The United States sometimes uses the official name Myanmar instead of Burma as a "diplomatic courtesy" to the Asian country, the State Department said in a sign of rapprochement.
Military leaders changed the official name to "Myanmar" in 1989, saying that the old term "Burma" was a sorry legacy of British colonialism and implied that the ethnically torn land belonged only to the Burman majority.
But the opposition and exiles fiercely opposed the change, seeing it as a symbolic step to create an entirely new country, and the United States has stood in solidarity by calling the nation Burma.
On Friday, however, Secretary of State John Kerry twice referred to "Myanmar" in a statement marking the country's independence day. The statement made no mention of "Burma".
Deputy State Department spokeswoman Marie Harf told reporters on Monday that "it continues to be US government policy to refer to the country as Burma". But "in certain settings, United States government officials refer to the country as Myanmar as a diplomatic courtesy," she added, citing President Barack Obama's visit to the country in 2012 when he alternated between the two.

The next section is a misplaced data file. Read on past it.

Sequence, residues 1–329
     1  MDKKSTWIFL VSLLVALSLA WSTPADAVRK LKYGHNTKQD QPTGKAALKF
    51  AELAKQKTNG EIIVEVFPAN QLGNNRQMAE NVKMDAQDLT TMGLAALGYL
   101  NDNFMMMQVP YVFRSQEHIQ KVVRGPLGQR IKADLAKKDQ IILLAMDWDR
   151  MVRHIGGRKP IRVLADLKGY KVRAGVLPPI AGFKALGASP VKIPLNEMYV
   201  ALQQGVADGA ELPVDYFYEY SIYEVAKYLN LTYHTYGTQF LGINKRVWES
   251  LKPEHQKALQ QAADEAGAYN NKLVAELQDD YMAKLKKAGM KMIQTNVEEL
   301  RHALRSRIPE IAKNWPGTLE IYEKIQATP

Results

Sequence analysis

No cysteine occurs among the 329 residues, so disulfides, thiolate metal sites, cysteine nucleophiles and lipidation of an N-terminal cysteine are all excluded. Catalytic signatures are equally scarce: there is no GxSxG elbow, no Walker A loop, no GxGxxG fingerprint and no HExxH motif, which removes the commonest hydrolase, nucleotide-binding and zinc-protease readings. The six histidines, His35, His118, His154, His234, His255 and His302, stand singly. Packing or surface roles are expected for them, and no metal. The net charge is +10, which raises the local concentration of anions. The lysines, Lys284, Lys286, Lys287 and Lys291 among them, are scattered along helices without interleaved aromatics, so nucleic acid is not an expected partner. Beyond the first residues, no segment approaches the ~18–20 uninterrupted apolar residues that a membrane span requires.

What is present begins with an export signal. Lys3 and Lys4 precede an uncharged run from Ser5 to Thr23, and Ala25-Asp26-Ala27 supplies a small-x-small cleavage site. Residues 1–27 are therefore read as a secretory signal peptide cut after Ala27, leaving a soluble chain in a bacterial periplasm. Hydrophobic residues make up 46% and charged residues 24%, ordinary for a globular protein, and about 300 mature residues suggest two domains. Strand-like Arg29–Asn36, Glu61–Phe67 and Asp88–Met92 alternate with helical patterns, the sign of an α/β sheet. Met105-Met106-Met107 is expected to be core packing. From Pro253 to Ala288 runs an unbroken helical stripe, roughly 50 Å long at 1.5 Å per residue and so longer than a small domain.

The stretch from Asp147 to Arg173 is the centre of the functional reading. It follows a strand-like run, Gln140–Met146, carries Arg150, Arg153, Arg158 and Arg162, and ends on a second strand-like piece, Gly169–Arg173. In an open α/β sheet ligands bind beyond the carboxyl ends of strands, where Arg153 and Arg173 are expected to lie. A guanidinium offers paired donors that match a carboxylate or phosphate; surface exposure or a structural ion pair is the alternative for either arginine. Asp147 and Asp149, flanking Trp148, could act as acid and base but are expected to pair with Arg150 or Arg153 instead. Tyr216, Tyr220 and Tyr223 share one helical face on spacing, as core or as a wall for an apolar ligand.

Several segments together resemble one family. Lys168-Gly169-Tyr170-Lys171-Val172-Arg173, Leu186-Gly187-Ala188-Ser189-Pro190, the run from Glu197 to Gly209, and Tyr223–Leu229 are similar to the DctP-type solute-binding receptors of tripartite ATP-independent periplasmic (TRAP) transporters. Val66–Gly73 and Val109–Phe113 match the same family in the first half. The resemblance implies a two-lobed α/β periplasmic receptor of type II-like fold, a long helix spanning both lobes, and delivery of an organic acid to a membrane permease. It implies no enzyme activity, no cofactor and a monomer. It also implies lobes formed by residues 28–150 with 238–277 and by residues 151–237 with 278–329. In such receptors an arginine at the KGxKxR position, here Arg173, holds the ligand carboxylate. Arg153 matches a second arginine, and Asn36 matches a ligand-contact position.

"I don't think there's a confusion," she said.
In October, Kerry said the longtime pariah state's dramatic political reforms were "exciting" but still "incomplete".
As part of its reconciliation with Myanmar, which included Obama's visit, the US has increased development aid and ended most sanctions on the strategically placed country.